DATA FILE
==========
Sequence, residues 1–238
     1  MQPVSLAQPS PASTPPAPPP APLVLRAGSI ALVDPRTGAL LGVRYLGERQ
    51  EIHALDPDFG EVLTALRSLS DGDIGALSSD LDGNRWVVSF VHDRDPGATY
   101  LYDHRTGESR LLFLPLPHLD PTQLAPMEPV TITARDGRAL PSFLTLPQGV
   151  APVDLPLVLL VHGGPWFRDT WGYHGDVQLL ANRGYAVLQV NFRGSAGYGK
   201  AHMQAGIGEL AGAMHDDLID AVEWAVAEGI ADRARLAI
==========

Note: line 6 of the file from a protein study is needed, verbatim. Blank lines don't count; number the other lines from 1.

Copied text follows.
   201  AHMQAGIGEL AGAMHDDLID AVEWAVAEGI ADRARLAI